They don't care how many they sell, but I'm sure they care about getting them into the hands of developers, and this developer isn't going to spend over $500 on something that has unproven potential to help me earn my living. I expect that plenty of other people will though, so I'm no loss to Google. Reply
  • mayankleoboy1 - Thursday, June 05, 2014 - link

    I wanted an AMD APU instead of teh K1 in a google device. AMD needs google to survive, and I'm sick of Nvidias crappy SoC's. Reply
  • HisDivineOrder - Thursday, June 05, 2014 - link

    AMD APU's wouldn't have the battery life of an nVidia Tegra K1. Reply
  • fteoath64 - Friday, June 06, 2014 - link

    Neither would the APU have enough horsepower to drive the tablet and needed internal fans likes the latest Broadwell superslim Win-tablets, so K1 is the ONLY choice within the required time line. QC is NOT going to rush a special S805 just to win this "small" deal of Google.
    Besides the gpu feature set of K1 is proven with lots of software compatibility in Tesla workstations. So advanced developers of vision based apps will drool over this developer kit.
    Reply
  • CiccioB - Thursday, June 05, 2014 - link

    Crappy SoCs are still better than no SoCs.
    How many AMD ARM based SoC do you know? Or even a x86 SoC that enters nvidia K1 power envelop?

    AMD needs to release adequate products to survive, no count on others. If others do something, good or not depend on your point of view but the products do exist for AMD competitors, while AMD performs long sleeps it is only their fault.
    They have missed all new markets in latest years. Starting from GPGPU by constantly developing that useless (for GPGPU) VLIW architecture and lastly presenting a GPU capable architecture with zero SW support, to netbooks by releasing an Atom like crap chip 4 years later when the nebooks hype were already ended, to the mobile market where they have no ARM based products not low power x86 based ones.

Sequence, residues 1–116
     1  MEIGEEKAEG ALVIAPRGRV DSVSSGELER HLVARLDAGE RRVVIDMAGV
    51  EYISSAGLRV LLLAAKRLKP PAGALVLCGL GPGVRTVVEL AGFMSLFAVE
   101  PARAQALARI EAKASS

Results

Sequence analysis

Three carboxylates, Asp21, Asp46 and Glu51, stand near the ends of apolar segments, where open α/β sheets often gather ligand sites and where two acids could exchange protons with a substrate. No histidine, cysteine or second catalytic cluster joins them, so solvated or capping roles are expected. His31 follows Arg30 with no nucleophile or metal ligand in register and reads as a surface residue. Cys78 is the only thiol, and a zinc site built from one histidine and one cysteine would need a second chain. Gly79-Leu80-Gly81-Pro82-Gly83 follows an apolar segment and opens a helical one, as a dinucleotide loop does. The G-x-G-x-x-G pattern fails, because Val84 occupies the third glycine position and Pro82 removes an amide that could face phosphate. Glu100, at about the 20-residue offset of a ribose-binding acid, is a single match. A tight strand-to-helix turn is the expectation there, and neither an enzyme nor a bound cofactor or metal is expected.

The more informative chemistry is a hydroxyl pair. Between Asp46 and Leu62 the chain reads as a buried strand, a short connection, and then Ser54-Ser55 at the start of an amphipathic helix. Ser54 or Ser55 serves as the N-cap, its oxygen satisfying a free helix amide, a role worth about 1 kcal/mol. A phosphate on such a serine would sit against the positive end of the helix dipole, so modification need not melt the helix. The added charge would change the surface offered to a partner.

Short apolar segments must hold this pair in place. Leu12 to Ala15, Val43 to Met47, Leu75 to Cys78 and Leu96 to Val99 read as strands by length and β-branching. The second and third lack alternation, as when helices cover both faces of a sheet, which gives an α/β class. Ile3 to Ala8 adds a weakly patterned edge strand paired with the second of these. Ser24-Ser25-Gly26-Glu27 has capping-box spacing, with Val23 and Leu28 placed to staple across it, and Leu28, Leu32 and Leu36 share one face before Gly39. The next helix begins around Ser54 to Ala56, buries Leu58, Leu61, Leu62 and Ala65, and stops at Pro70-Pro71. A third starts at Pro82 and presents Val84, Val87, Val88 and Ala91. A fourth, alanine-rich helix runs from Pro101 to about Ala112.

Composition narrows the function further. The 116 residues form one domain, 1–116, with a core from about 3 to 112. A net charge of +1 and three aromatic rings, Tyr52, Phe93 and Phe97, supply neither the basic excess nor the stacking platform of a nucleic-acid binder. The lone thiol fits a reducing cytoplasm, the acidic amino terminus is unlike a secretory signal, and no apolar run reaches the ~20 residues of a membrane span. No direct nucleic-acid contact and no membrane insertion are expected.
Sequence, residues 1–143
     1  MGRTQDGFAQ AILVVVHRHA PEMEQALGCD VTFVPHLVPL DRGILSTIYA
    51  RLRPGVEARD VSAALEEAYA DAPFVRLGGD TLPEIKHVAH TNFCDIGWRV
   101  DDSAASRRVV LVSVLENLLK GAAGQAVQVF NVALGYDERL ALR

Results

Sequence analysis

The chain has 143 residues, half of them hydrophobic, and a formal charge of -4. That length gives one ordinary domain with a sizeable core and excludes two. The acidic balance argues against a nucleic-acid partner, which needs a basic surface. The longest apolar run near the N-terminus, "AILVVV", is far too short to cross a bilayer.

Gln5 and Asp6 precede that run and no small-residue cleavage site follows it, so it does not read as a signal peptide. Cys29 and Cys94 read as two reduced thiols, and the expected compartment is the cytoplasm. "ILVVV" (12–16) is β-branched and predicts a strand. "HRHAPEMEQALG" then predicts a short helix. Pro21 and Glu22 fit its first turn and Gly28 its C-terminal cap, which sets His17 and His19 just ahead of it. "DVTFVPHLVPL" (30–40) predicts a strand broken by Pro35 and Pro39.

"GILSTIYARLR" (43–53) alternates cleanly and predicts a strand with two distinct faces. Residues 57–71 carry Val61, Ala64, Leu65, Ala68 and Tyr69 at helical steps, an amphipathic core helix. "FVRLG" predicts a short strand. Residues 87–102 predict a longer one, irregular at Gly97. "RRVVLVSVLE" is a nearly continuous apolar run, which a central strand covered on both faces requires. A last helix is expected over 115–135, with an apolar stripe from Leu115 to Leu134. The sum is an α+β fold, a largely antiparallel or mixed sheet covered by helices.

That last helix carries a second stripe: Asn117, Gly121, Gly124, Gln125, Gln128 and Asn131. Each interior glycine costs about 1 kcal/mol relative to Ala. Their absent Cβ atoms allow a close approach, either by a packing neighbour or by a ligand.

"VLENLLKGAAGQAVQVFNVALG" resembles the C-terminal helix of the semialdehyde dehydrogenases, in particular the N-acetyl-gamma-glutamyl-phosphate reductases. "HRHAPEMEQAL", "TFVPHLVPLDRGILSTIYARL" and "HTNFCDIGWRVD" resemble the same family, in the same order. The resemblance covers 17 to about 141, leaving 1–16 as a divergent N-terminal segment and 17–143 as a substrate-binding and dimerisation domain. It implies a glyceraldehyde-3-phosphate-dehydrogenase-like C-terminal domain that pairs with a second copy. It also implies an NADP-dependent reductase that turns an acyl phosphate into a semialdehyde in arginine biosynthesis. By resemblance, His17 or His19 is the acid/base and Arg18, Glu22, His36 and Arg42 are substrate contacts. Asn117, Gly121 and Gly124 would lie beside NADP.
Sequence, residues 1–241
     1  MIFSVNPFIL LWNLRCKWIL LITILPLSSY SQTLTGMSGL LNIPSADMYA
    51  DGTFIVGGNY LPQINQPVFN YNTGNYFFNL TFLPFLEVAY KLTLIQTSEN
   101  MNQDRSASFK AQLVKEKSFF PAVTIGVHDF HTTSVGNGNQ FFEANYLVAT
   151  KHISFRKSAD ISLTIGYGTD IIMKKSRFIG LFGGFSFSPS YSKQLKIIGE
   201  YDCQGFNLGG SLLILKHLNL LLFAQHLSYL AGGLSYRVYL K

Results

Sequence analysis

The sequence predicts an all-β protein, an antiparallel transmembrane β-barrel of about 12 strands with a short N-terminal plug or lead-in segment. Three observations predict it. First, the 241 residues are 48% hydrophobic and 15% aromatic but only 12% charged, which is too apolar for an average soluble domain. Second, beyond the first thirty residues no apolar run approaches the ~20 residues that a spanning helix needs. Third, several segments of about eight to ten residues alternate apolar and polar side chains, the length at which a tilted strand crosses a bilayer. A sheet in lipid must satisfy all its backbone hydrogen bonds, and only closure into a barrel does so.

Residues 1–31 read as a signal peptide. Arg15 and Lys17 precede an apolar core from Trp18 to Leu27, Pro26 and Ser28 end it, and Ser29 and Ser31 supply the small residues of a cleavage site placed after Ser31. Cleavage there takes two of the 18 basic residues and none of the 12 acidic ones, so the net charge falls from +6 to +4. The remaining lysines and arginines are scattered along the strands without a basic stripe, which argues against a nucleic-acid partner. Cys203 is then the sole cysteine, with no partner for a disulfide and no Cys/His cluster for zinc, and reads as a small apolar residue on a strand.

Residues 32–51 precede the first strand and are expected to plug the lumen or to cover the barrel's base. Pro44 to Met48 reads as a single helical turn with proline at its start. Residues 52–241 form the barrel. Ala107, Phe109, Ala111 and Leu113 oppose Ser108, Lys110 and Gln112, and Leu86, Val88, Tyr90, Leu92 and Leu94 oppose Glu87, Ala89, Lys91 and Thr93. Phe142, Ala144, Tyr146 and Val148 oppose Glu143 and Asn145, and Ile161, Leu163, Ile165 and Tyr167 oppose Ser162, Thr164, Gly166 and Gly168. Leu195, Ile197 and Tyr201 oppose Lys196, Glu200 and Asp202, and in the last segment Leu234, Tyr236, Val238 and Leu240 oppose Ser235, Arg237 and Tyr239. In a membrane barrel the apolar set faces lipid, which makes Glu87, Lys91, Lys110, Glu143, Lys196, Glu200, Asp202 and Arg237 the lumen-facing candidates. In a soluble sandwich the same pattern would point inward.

AMD needs products, and good ones if they want to survive with all these new competitors that are reducing x86 market. Counting on others just means they won't survive as others do their own interests, not AMD's ones.
    Reply
  • Death666Angel - Thursday, June 05, 2014 - link

    "Crappy SoCs are still better than no SoCs.
    How many AMD ARM based SoC do you know? Or even a x86 SoC that enters nvidia K1 power envelop?"
    Tegra K1 uses 11W when at full tilt and typically between 5 and 8W as with most performance SoCs these days. AMDs Kabini can reach that low (9W) with the E1-2100 and Temash are all between 3.9W and 8W. They are all also SoCs with not need for an FCH.
    Reply
  • CiccioB - Friday, June 06, 2014 - link

    Idle consumption is the most important carachteristics for mobile SoCs, as you usually do not leave yor tablet running hours doing some work. How low are AMD Soc going in power consumption? What's the perfomance of a 5W x86 SoC vs a 5W ARM SoC? How big (and costly is) a x86 SoC that can deliver K1 performances?
    And you know, an ARM SoC is not only a CPU+GPU. There are many other components that allow to save power in many cases, like for example listening to MP3, watching video, doing light weight work, things that a x86 SoC is (still) not able to do.

    You see, you look at raw numbers from the wrong point of view of someone like me that doesn't really know anything about how those SoCs works and perform. Look at them from the other side of the wall: if AMD (and Intel as well) produced good SoCs they would be used in place of Qualcomm/Mediatek/nvidia ones, don't you believe?
    Reply